The Taste and Smell of Culture – Cooking with Rinku

Guest Blogger, Rinku Bhattacharya

Today’s guest posting is by Rinku Bhattacharya.  I met Rinku several years ago when I signed up for one of her Indian cooking classes.  We had a marvelous time and learned some terrific recipes, however the best gift from that class is that Rinku and I stayed in touch over the years and have had some very interesting conversations about culture.  I recently asked Rinku if she would write about how she teaches her 2 beautiful children about her Indian culture while living in New York.  (Be sure to scroll down to the bottom of this posting for one of her delicious recipes!)

Can your memories have a scent? Can your culture and childhood have a taste? It is a matter of perspective, if you are like me, where your world and memories are composed of a heritage of food, a heritage of tastes and flavors that link your past to your children’s flavors you would say – yes! Like me, you would remember childhood cures for a cold and your mother’s nurturing touch in a pot of simmering soup spiced with ginger and tomatoes, you would crave traditional rice pudding on your birthday and your Thanksgiving meal would need some cranberry chutney to complete the all day long feast before it made it to the table.

Two decades ago, I made the US my home. It really was a more evolved rather than consciously planned decision. There is a lot of truth to the saying “home is where the heart is!’ Actually in my case, “home is where the “hearth is.”  I also do think you can have more than one home, I do not feel out of place when I go back to India, but also feel very much at sync in New York. Like most people with a foot in two cultures, there is a need not to want lose the richness of heritage and identity. In some ways this becomes more an issue when you are raising children. Our household does not even have a common language outside of English, since my husband speaks Hindi and I Bengali, but we do share a love of food both Indian and Global.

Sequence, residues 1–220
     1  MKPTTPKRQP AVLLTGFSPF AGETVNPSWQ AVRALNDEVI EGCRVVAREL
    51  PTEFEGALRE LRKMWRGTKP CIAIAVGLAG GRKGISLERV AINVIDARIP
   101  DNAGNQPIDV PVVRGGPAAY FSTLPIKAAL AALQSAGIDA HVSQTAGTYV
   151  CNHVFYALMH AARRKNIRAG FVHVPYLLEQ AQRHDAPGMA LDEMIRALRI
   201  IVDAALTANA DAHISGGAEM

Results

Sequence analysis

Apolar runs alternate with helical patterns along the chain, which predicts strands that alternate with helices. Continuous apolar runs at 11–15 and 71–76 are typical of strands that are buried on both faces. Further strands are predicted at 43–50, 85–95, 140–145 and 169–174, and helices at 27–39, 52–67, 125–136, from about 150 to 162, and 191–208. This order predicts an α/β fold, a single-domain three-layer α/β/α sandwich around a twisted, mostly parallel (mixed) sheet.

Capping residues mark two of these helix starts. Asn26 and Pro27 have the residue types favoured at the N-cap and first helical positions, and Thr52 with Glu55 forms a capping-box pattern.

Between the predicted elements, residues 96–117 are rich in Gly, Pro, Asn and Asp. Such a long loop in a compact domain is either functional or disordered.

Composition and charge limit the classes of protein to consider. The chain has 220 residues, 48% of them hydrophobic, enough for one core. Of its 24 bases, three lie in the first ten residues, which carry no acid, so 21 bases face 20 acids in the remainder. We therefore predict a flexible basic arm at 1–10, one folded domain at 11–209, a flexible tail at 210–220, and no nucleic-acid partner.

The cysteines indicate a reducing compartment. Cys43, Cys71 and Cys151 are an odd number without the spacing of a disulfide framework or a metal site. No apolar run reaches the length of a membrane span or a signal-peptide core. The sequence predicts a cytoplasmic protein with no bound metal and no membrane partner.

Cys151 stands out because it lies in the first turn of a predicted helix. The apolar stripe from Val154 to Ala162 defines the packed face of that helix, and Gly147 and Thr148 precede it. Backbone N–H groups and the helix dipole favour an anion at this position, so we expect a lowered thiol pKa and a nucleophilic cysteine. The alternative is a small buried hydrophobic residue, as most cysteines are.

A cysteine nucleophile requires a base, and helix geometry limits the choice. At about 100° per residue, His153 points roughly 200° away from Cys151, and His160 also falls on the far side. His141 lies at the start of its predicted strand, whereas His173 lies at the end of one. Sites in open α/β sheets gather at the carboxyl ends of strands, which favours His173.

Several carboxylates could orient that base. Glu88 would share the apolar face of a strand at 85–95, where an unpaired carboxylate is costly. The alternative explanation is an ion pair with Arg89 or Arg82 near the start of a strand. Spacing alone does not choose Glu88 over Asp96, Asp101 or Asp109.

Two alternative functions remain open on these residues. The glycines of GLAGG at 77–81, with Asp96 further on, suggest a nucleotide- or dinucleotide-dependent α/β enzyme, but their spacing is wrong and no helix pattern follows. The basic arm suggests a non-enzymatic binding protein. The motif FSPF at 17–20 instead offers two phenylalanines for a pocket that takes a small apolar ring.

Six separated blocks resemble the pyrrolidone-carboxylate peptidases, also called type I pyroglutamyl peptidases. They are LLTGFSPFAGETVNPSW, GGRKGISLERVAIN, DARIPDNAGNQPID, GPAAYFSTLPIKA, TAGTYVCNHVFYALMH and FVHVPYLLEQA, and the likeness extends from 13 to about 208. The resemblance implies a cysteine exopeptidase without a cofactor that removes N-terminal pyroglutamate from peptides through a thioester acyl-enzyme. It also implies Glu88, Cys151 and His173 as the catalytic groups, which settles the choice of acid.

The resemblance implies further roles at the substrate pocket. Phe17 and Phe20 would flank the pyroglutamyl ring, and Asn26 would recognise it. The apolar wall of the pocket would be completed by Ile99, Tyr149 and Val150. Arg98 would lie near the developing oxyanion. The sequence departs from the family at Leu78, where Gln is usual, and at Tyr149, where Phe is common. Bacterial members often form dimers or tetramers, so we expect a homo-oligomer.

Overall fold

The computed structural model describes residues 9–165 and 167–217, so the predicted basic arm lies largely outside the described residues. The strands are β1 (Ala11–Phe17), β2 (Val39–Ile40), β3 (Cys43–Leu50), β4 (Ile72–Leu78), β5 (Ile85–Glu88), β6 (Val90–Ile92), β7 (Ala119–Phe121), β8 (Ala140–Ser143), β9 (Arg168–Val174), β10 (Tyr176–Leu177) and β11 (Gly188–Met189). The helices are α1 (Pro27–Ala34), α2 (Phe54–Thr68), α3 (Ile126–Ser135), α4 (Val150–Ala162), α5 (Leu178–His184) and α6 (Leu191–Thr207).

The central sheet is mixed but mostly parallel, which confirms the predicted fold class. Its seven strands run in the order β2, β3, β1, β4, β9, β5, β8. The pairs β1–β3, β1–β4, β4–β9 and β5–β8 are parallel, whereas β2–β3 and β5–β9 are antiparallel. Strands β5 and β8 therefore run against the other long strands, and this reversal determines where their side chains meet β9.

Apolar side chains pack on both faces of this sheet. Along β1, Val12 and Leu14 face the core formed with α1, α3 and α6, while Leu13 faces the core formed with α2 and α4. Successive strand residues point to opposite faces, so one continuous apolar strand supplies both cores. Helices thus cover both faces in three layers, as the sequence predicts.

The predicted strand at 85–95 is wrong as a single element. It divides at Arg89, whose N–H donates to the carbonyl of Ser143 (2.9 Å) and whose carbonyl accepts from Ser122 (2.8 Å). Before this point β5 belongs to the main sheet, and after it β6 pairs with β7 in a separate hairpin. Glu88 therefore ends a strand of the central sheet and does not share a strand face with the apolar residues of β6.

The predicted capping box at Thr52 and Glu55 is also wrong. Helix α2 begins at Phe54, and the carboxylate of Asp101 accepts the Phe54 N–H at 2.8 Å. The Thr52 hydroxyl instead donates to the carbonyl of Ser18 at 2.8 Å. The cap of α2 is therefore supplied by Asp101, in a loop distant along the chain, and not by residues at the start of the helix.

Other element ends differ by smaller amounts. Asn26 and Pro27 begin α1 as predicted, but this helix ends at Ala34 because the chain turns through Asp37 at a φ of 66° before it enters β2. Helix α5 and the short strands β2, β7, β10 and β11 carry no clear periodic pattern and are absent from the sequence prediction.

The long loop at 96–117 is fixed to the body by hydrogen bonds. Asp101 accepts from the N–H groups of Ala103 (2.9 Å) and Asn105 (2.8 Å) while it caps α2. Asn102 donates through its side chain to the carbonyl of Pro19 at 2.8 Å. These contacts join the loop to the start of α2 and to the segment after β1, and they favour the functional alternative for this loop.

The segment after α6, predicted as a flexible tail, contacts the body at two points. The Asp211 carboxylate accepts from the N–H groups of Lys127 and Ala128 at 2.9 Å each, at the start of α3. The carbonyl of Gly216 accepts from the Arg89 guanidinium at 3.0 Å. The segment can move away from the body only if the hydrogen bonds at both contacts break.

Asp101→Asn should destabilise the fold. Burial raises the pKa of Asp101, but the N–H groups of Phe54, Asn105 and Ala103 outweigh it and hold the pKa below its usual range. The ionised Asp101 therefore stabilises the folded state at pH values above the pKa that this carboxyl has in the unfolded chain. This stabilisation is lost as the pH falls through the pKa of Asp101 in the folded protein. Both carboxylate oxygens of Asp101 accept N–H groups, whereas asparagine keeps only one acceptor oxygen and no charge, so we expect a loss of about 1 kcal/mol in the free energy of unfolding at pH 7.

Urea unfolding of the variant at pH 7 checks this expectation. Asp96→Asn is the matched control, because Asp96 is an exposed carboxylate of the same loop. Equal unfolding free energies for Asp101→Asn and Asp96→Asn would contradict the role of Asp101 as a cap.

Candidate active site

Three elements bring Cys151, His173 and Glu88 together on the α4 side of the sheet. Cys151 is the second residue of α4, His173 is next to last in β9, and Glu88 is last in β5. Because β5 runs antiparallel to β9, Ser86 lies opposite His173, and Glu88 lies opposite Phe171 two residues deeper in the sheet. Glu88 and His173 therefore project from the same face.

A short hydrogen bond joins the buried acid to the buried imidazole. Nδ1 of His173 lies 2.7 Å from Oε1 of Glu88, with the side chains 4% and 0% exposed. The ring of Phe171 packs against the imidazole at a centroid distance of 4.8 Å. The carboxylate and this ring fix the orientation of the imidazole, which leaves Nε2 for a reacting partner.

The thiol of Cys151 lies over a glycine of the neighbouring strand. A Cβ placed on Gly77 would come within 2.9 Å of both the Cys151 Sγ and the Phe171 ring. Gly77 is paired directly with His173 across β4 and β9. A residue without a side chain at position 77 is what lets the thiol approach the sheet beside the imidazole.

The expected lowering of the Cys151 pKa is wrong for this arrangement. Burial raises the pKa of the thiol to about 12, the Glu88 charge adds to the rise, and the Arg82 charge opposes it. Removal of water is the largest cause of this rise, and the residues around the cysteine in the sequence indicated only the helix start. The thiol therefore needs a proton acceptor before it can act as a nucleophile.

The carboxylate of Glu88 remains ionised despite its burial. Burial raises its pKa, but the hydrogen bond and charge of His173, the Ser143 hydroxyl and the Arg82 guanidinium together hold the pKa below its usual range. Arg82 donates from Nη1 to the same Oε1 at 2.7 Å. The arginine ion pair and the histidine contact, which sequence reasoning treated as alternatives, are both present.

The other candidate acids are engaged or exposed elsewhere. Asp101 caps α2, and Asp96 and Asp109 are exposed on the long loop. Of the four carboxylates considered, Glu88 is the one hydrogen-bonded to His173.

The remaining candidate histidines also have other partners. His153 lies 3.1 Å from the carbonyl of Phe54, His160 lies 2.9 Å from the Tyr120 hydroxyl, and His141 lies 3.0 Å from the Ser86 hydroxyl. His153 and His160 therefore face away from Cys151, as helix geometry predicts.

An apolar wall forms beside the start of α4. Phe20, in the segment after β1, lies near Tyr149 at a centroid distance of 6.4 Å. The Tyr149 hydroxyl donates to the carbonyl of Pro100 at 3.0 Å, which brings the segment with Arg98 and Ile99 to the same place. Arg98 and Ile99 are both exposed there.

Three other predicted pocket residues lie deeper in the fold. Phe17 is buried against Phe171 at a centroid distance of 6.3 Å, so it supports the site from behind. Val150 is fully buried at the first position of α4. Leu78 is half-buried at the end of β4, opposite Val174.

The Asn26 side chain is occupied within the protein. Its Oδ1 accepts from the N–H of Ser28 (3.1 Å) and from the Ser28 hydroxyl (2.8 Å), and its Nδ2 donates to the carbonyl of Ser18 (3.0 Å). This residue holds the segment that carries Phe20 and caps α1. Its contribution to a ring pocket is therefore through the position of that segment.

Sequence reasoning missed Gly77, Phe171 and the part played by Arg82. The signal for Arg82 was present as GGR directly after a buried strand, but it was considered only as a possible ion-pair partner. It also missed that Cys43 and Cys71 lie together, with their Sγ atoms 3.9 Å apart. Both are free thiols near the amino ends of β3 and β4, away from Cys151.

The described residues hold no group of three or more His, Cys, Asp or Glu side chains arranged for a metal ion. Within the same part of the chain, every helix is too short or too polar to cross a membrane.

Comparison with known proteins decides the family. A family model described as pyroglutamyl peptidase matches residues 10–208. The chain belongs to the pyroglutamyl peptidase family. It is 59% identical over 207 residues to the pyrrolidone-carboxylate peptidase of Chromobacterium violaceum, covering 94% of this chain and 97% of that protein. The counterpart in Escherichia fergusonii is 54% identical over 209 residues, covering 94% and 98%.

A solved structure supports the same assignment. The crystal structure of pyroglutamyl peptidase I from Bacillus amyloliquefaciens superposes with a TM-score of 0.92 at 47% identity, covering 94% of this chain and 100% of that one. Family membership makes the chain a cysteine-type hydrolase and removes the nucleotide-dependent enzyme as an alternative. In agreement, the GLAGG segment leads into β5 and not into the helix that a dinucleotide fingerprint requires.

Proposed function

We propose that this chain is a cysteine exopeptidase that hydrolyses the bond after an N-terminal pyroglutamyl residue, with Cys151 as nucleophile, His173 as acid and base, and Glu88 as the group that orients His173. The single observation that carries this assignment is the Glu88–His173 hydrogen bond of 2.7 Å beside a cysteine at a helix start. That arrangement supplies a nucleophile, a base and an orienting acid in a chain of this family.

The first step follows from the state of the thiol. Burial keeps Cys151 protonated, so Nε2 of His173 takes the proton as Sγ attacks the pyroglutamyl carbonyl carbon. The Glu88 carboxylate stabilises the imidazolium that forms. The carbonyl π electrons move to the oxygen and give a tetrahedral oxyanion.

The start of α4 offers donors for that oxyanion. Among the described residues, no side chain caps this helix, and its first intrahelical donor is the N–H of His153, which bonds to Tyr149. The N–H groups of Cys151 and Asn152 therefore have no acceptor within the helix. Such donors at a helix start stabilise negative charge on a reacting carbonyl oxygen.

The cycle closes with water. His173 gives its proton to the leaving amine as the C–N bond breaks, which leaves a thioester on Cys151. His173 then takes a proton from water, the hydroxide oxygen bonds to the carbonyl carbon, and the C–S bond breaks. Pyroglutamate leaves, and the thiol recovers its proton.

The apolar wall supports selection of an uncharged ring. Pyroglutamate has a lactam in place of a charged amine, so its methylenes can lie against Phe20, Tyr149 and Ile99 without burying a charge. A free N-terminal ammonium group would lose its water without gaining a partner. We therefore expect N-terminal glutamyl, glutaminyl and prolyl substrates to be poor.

This is not surprising since this is the most basic element of heritage. My earliest memories and my most vivid ones of my childhood are of chatting with my grandmother while she ground spices carefully, used the freshest of ingredients and carefully created simple delicacies that graced our table every time we visited. People often ask me whether I learned to cook from my mother or grandmother – this is a tricky question because while my memories of shadowing them and observing them in the kitchen are deep and very profound, I never actually cooked when they were around. I never needed to. It was only after I left home that I missed home cooking and my own culinary adventures began.